Brits really do drink tea
In his famous essay "A Nice Cup of Tea", the English author George Orwell laid down eleven rules for drinking tea. Each of these rules is golden, Orwell writes in his text, which was first published in London in 1946 Evening Standard appeared. The teapot should be preheated, sugar should be avoided and, very importantly, the tea should be in the cup first, then the milk.
George Orwell was an eminently clever man who was fundamentally right about almost everything, but this last point is as controversial among the British today as it was 70 years ago. For many tea drinkers, someone who does not put the milk in the cup first and then the tea is considered a proven banause.
Orwell wrote that there are probably two schools of thought in every family on the milk question, but that he himself was undoubtedly correct. This know-it-all was of course not meant to be taken seriously, because as is well known, Britishness consists in roughly equal parts of self-irony - and tea drinking. All the more alarming is a study just published in the United Kingdom, according to which the British are drinking less and less tea. The Guardian sees the result as an unmistakable sign that the island is doomed.
The market research institute Mintel found that the sale of tea bags in the UK fell by 14 percent between 2013 and 2015. A further decline of five percent is expected for this year.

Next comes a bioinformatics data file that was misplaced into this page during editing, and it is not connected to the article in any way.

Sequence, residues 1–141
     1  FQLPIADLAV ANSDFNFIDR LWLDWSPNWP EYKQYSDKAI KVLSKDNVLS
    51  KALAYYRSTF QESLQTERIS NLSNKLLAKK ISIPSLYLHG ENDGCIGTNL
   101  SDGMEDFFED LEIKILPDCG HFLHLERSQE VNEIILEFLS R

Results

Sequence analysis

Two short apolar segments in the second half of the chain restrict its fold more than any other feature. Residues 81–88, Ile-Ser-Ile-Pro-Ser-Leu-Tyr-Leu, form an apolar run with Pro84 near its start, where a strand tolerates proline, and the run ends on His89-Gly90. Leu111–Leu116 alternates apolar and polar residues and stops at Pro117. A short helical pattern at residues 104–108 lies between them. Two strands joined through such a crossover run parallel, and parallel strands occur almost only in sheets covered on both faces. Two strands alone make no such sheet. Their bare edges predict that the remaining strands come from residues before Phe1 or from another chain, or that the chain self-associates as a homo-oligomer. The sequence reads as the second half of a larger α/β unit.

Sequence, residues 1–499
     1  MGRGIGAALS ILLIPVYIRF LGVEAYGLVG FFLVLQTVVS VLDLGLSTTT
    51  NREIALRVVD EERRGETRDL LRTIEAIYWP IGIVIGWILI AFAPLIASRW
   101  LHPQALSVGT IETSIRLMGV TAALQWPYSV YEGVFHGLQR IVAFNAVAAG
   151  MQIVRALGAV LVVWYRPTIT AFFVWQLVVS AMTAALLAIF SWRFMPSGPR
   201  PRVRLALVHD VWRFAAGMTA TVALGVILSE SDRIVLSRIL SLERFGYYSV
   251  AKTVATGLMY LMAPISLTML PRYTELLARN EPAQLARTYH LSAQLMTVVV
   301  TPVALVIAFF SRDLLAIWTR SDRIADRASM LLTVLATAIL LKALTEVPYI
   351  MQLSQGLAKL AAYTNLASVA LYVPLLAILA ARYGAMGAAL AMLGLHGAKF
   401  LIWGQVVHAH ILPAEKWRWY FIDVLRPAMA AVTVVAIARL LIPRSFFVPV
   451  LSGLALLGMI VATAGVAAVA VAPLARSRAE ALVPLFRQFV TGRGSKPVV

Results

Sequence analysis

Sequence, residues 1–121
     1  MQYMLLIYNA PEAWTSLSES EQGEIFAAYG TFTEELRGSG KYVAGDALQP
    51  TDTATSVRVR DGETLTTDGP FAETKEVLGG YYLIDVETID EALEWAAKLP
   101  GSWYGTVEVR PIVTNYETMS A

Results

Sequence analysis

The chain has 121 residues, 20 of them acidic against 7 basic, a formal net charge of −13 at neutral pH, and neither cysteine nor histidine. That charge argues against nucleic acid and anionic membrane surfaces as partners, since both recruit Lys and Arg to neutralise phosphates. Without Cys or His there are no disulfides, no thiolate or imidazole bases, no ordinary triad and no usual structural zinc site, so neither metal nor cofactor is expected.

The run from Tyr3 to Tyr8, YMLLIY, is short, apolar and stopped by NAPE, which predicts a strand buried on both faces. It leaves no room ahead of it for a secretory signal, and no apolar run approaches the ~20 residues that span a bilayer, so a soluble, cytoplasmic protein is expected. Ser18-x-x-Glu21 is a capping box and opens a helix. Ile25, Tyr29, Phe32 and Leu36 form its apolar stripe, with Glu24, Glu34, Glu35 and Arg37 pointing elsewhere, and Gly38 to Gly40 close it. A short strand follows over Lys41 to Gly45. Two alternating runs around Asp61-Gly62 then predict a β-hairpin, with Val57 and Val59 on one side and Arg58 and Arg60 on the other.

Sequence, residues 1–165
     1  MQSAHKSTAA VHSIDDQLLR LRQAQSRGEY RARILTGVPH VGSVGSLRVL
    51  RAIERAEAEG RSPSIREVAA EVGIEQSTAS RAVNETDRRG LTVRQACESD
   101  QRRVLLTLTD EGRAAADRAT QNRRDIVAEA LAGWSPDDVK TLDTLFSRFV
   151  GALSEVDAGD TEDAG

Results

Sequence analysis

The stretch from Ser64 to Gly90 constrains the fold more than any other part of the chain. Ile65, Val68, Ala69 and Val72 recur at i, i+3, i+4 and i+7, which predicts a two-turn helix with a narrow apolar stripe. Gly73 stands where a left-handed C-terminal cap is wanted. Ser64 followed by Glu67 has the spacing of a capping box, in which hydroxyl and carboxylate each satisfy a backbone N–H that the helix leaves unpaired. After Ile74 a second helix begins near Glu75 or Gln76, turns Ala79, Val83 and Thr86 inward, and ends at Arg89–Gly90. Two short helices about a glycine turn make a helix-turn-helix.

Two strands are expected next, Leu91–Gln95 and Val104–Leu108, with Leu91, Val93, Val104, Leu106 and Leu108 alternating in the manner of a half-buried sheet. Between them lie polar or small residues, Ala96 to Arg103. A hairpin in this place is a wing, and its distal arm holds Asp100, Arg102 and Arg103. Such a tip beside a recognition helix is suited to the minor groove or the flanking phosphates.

Fear of teeth and tooth discoloration
The young people are to blame - the older Brits must have guessed it. A third of people between the ages of 55 and 64 drink at least five cups of black tea a day, but only 16 percent of 16 to 34 year olds achieve the same number. One of the reasons for this, according to Mintel, is vanity: the younger Brits feared tooth discoloration. In addition, they are not comfortable with the high Teein content.
The image of the British drinking tea at all times of the day and on all occasions is a cliché worldwide, but in fact consumption has been declining for decades. In 1974, each resident of the kingdom consumed an average of 68 grams of black tea per week. Today it is 25 grams. Although the sales of fruit and herbal teas are increasing, on the one hand they are not strong enough to compensate for the decline in black tea, and on the other, most British people would not call these blends real tea.
On the island, black tea is traditionally drunk with milk, in the perfectly shaped version from a fine porcelain cup. With construction workers, on the other hand, the "builder's tea" is popular, a very strong tea with milk and lots of sugar, which is served in a mug. The term "tea time" for afternoon tea is mainly used outside of Great Britain, as it is always time for a cup of tea on the island. Despite the decline, 84 percent of Britons still drink tea every day, with 165 million cups being emptied every day across the country. Only two percent of British tea drinkers do not belong to either of the two schools of thought when it comes to milk: They enjoy their tea straight.
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